This practice ensures a variety of cloud alternatives. Many cloud vendors support most open standards across various industry verticals. Switching vendors easily and effectively is easier with sufficient alternatives available. For this to happen, your IT workloads must support non-proprietary alternatives. If your workloads are locked-in with the APIs, configurations, and features of proprietary technologies that don’t support open standards, vendor lock-in is likely. Failing to support open standards may require heavy customizations at a later stage to escape a vendor lock-in situation.
6. Employ modern SDLC methodologies
Designing according to modern SDLC methodologies gives you flexibility. For example, DevOps not only encourages the use of open-source technologies but focuses particularly on the technology-independence of cloud service management and operations. Consider Infrastructure as Code (IaC), a common DevOps practice for provisioning, managing, and operating infrastructure. IaC automates the process of describing infrastructure configurations and dependencies converging from an arbitrary set of choices to a repeatable desired state of technology-independent design.
7. Ensure portability once migrated
Transferring data from one service to another, as long as it stays with the same vendor, is often free. But, when migrating to a competing service, this transfer is charged steeply. Evaluate and consider these costs before migrating to the cloud, based on future requirements to scale cloud-based data storage and related services.
8. Develop a clear exit strategy
Cloud vendors can go out of business or make drastic changes in their ToS within their legal rights—even at the expense of their users. You can reduce this risk by establishing a possible exit strategy. Feasible terms for contract exit should be agreed by both parties to make it easier for customers to avoid a situation of vendor lock-in.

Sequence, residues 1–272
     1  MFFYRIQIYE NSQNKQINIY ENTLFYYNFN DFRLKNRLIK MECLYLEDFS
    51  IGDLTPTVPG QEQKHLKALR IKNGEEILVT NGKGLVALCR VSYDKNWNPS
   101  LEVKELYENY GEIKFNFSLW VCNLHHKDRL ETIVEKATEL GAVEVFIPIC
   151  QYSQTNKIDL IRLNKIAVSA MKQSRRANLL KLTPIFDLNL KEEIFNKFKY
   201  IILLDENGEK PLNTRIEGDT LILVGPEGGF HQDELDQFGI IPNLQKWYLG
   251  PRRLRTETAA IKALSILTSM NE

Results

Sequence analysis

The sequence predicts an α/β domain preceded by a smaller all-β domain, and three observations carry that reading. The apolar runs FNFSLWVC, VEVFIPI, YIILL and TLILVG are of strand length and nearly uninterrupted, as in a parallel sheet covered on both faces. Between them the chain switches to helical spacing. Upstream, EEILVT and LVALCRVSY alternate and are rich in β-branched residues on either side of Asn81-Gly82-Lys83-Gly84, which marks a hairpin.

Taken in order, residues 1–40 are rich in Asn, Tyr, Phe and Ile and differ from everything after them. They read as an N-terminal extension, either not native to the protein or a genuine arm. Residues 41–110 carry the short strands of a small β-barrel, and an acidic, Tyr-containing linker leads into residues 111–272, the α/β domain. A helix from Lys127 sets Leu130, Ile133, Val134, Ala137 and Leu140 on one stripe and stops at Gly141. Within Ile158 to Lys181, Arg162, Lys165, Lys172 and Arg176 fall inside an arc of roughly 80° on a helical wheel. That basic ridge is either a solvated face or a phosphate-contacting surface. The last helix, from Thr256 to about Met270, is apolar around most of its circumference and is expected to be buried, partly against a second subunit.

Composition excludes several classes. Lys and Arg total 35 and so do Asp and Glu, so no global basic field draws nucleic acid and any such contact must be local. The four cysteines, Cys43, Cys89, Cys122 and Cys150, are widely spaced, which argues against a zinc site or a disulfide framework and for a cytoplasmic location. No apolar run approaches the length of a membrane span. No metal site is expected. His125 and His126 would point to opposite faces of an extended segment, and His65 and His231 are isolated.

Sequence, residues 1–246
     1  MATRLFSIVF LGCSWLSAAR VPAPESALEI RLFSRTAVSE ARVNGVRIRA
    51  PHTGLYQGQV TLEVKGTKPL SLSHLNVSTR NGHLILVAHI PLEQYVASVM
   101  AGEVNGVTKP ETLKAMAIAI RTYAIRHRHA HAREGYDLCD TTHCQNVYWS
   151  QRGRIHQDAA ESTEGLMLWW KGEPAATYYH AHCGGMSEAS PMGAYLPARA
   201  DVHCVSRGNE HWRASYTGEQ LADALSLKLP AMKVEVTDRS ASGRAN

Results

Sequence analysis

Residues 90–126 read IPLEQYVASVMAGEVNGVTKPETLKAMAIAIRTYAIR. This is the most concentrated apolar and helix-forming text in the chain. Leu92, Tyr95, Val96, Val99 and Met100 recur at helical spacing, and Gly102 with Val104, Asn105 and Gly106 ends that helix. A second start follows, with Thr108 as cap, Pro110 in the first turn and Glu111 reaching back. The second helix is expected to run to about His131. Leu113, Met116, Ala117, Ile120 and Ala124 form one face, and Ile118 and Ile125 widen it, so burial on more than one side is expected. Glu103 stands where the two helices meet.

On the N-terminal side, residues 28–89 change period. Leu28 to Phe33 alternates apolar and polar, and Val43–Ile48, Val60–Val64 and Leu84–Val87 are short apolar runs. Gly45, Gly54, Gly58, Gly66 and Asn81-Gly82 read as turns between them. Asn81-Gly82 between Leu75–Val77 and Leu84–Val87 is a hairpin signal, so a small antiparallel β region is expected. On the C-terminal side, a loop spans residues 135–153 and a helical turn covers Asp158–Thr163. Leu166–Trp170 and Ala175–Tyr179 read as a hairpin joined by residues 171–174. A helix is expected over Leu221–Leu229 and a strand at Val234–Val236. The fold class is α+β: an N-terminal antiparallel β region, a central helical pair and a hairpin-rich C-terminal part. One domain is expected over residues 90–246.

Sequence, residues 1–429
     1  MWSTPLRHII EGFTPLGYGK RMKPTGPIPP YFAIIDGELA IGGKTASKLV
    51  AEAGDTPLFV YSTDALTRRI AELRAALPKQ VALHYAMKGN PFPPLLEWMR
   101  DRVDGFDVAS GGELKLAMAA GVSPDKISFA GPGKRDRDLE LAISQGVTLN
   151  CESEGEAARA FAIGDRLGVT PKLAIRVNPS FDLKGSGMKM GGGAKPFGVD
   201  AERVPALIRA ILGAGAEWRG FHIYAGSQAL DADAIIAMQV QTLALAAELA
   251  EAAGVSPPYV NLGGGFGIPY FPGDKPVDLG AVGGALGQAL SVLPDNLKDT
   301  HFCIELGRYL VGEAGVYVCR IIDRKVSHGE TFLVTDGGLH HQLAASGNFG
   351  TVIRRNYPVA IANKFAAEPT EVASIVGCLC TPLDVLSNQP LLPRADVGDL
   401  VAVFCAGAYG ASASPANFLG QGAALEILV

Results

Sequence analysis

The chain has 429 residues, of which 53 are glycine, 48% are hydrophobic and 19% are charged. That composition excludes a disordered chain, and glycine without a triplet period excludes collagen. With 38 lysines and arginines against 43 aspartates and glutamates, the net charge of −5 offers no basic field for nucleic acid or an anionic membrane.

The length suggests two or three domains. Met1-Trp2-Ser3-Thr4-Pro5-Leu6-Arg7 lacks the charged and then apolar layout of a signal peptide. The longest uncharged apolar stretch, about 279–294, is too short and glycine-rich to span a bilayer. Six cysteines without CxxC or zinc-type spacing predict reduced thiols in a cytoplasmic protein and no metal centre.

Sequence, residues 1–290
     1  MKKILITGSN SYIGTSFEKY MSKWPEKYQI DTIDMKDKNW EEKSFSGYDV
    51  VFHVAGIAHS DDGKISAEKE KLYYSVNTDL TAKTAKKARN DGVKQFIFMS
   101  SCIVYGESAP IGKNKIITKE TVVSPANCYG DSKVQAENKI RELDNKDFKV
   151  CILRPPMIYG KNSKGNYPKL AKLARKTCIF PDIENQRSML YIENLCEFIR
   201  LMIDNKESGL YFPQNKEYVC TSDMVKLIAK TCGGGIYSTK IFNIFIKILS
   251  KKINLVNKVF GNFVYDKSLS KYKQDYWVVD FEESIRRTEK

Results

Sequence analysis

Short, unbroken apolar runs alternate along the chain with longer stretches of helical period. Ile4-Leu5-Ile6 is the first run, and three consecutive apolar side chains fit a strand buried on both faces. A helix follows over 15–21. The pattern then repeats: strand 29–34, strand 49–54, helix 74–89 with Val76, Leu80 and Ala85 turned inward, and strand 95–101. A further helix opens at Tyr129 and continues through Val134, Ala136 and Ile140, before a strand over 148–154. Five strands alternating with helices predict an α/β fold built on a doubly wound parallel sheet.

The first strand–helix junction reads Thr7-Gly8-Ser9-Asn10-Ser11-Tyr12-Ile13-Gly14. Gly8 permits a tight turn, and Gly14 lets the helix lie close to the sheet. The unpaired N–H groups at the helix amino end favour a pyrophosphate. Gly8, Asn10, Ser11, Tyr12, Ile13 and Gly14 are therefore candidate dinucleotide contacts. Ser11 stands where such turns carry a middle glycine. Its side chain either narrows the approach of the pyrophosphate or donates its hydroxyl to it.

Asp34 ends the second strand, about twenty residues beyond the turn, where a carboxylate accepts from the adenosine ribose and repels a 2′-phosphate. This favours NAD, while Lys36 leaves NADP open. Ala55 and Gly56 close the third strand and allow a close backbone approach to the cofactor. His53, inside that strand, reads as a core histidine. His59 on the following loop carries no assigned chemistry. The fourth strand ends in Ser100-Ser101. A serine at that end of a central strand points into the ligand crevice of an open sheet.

9. Consider a multi-cloud strategy
Take advantage of multiple cloud services and distribute your workloads independent of the underlying vendor infrastructure. A multi-cloud strategy requires organizations to take additional steps in optimizing for cost, performance and risk such as vendor lock-in. By getting it right, several aforementioned risks are naturally addressed as your apps and data can operate on a hybrid mix of multiple cloud platforms by design.
10. Do your due diligence
The following items should be a part of your due diligence strategy:
- Establish a thorough and accurate understanding of your technology and business requirements. What is expected to change and how?
- Assess the cloud vendor market. Audit their service history, market reputation, as well as the experiences of their business customers.
- Understand trends in the cloud market, the business models, and the future of cloud services.
- Understand the legal limitations applicable to your cloud use cases. Are there unique regulations applicable to the vertical of your business domain and IT workloads?
- Read the fine print. Agree to Service Level Agreement (SLA) terms and contractual obligations that limit the possibility of a vendor lock-in scenario.
No magic bullet for avoiding lock-in
Finally, it is important to understand that taking extreme measures to avoid vendor lock-in can have unwelcome consequences. Going open source doesn’t magically eliminate vendor lock-in. In some cases, proprietary technologies may offset the performance, cost, or security risks to specific open-source technologies.
Or, perhaps, present another lock-in situation different from proprietary vendors. For example, you can switch from proprietary AWS technologies to Kubernetes as an open-source solution. As your applications scale and increase in complexity, managing all those configuration dependencies and YAML files to switch from Kubernetes to another open source or proprietary alternative may be a huge challenge for your IT teams. In this case, it may only be a matter of replacing one lock-in with another one.
For more information on making the cloud work for your company, browse the BMC Cloud Blog or check out these articles:
- Public vs Private vs Hybrid Cloud Differences
- Public Cloud Growth Trends and the Future Outlook
- Hybrid Cloud vs. Multi-Cloud: What’s the Difference?
- How Multi-Cloud Can Enable Cost Savings
- SaaS vs PaaS vs IaaS: What’s The Difference and How To Choose